For a decade that Ian Hodgson, aka Moon Wiring Club, is making the most exciting music of the 21st century. Hypnagogic electronic music and a graphic world of great imagination. Above all, he speaks to us for La Zancadilla.
First of all ~ what is Clinkskell? A loved concept of utopian Edwardian England?
That would be telling. :
Some time ago you said that the reason for starting to recreate Clinkskell came from your taste for drawing women with hats. But there will be some more reason, right?
Yes, it was more to do with the Fine Art degree I’d undertaken (1995-1998) ~ I’d enjoyed it, but found the (necessary) academic structuring of it favoured certain ways of thinking. You’d be so caught up in applying your creative work to be relevant within the prevailing artistic movements (postmodernism etc) that it could stifle true artistic intentions / inspirations. These sorts of things are obviously very subjective, and of course many folk readily applied and engaged with the principles of postmodernity, but around 2000 I came to the conclusion that the creation of a world where ‘vaguely aristocratic Victorian / Edwardian women in fancy hats create unusual electrical devices’ influenced by the style of say, Arthur Rackham, was what I wanted to do rather than (for example) the fairly obvious proposal ~ ‘degradation of film images over time = loss of memory’. I wouldn’t want this to sound like I’m against academic artistic learning though, I really benefited from certain aspects of what was taught, and maybe having something to react against is as strong a creative impulse than anything else.
Clinkskell is a world of foxes, owls, cats, and woodland creatures of all varieties. I think there’s a connection between this kind of creature and a kid’s world seen by adult eyes. Is it?
For myself, I don’t really feel like I’ve altered my perspective from childhood that much. Obviously some things change, but I’ve always liked the image of mice in a tangle of bramble bushes, foxes wandering town streets at night or an owl in a top hat and evening jacket spying at you in the moonlight. Those sorts of images don’t go away, but perhaps I’ve not done the things that may drive them out ~ move to the city and get a high-powered job in finance or property development. 🙂
In some ways, Clinkskell Reminds me of Brian Talbot’s “Heart of Empire”and “Alice in Sunderland”’s comics. Overall in that futuristic or a dreamlike vision of Edwardian age. There’s some kind of this perspective in your drawings for Clinkskell?
Thanks! I’m a big fan of Brian Talbot, especially ‘Heart of Empire’ which is one of my favourite comics. Folks sometimes mention ‘The League of Extraordinary Gentlemen’ as a MWC inspiration (which it certainly is ~ a big favourite of mine too) but I’d say ‘Heart of Empire’ was more the aesthetic I had in mind, partially because (thinking about it) Brain Talbot lives not that far from me, and there is a definite Northern English sensibility to his work.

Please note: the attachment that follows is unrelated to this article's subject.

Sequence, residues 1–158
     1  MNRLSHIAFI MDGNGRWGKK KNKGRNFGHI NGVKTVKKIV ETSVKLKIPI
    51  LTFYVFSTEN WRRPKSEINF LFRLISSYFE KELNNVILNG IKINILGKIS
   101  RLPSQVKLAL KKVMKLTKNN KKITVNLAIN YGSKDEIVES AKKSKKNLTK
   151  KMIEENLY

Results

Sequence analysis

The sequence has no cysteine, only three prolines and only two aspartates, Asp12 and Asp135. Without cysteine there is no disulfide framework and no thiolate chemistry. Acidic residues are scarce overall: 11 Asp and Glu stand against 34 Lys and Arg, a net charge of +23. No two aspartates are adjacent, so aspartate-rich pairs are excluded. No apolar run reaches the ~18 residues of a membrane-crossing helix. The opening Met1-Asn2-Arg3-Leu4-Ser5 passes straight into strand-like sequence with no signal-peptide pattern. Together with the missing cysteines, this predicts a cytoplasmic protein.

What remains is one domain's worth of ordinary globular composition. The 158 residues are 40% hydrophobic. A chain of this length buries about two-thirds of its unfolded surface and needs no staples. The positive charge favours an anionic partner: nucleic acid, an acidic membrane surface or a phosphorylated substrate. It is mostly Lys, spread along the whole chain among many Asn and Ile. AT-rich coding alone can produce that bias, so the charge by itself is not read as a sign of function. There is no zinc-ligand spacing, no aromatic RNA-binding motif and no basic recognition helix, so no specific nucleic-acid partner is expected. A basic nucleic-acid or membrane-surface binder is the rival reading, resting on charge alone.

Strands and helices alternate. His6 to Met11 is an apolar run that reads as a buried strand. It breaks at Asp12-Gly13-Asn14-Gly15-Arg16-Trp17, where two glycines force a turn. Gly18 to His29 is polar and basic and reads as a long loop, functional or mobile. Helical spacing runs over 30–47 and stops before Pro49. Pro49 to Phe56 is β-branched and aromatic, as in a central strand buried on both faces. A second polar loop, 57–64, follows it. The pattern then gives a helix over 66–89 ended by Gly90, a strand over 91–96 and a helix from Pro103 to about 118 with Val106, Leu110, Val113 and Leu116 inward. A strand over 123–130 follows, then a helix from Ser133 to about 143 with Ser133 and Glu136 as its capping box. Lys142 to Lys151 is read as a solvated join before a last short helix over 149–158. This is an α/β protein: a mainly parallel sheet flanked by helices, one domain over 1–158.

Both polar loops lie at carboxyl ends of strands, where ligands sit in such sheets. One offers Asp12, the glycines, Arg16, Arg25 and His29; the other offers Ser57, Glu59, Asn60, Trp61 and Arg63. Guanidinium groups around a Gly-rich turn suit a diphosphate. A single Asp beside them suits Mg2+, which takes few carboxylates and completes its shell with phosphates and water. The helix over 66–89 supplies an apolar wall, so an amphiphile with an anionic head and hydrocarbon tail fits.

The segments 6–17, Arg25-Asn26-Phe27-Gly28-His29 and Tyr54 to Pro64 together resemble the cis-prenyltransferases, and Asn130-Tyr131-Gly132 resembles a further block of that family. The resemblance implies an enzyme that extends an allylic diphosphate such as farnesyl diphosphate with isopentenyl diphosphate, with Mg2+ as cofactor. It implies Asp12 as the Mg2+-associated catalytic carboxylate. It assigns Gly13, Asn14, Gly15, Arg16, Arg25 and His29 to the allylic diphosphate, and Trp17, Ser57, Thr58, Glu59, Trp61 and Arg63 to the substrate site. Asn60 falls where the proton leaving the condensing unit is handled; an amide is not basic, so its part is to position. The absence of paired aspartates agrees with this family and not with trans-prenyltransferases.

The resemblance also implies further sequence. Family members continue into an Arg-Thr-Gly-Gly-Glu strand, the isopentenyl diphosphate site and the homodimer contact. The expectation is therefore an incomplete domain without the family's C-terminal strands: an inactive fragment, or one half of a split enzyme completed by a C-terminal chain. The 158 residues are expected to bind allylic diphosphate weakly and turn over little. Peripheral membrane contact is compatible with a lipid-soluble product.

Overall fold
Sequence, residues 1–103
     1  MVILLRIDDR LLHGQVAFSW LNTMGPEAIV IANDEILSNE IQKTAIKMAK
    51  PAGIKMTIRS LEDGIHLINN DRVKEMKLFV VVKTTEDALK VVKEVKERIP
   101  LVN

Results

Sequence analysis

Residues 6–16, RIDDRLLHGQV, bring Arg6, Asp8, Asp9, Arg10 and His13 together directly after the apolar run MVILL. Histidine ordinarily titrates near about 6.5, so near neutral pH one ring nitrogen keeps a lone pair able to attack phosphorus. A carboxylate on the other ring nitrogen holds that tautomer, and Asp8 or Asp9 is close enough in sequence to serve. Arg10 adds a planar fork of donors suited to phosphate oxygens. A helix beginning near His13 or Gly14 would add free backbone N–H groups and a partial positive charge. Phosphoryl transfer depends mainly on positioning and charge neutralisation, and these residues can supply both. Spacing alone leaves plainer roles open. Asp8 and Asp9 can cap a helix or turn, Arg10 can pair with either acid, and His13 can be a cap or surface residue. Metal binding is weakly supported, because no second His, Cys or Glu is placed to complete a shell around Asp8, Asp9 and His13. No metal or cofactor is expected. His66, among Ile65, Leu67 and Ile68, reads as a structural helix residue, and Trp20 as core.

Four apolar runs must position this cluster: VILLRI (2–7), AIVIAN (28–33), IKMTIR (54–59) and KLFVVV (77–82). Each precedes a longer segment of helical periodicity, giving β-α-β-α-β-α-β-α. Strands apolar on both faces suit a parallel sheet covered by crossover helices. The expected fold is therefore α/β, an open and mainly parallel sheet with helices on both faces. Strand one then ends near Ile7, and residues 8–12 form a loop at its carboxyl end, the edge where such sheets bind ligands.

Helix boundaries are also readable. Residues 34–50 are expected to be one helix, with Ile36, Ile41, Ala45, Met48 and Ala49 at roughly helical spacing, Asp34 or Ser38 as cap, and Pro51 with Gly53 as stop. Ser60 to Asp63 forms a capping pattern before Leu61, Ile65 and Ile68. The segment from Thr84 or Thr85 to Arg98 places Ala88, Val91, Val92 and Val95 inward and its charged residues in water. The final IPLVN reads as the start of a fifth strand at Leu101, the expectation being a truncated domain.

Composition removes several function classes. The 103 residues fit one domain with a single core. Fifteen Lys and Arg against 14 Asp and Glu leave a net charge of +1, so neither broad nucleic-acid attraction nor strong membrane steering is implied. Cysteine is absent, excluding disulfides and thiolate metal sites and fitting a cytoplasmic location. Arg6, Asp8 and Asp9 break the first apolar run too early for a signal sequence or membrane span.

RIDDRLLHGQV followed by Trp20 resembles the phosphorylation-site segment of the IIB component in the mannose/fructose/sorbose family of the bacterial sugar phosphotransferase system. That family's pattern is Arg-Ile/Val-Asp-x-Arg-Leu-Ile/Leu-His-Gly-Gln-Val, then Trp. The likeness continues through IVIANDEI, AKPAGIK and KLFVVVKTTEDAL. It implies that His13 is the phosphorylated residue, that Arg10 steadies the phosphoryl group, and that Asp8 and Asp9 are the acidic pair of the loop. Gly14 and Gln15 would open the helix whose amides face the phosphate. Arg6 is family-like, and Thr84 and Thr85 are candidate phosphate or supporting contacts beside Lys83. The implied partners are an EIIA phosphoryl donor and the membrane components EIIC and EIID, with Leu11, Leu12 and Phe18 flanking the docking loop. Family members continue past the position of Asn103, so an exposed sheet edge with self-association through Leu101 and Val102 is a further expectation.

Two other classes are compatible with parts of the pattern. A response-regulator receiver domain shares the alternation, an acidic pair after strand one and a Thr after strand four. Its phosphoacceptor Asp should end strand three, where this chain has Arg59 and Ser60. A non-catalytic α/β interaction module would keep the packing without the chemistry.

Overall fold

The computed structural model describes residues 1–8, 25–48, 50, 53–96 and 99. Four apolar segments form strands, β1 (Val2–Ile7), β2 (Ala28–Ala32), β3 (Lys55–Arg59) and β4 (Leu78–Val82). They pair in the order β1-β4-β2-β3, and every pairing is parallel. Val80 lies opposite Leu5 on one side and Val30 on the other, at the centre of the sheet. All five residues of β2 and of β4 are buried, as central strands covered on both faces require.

Moon Wiring Club is a world with a great resonance between music and narrative. More than completing the musical experience I see your drawings and clips like a derivation of your music. Are there any Clinkskell’s pictures or drawings that have made you compose the music?
Not really, I tend to have a general album concept / story in mind (EG ~ Leporine theme park in the grounds of a stately home) then compose the music to fit this concept. While the music is being physically created, my mind drifts off to form the artwork and characters that will take part in the story. If I’m getting a bit lost with a piece of music (or need a break from composing) I’ll start drawing, but on the whole the artwork comes after the music, as I need to populate the story with protagonists. Perhaps it’s a bit like casting a play or TV programme after the script has been written.
Which are your principal drawing influences?
My principal drawing influences come from fashion photography and illustration. I’ve always collected magazine and newspaper articles, especially things like the fashion articles in glossy Sunday newspaper supplements, which would often feature Vogue retrospectives or articles on Mary Quant (for example). Rather than just focusing on the clothes (which I love), fashion photography obviously features models who generally adopt an impassive, aloof pose, with the style of the clothes often in contrast to the background in which they are situated ~ ruined buildings, the middle of a field, playing croquet inside a house etc. I suppose one aspect of the MWC ‘style’ is my love for a genre I have no real connection to.
In terms of individuals ~ Jill McDonald (who did a lot of the 1960/70s Puffin Post illustrations), Racey Helps (my favourite) Alan Aldridge, Julie Verhoeven, Bernard Lodge, Tove Jansson, Richard Dadd, Brain Froud, the painter Marion Adams (specifically her work in Manchester City Art Gallery), Thea Porter, Barbara Hulanicki, Tommy Roberts, John Atkinson Grimshaw (for the sublime mood) etc, etc
What are the characters of Clinkskell that have motivated you most when it comes to giving shape to your drawings and covers?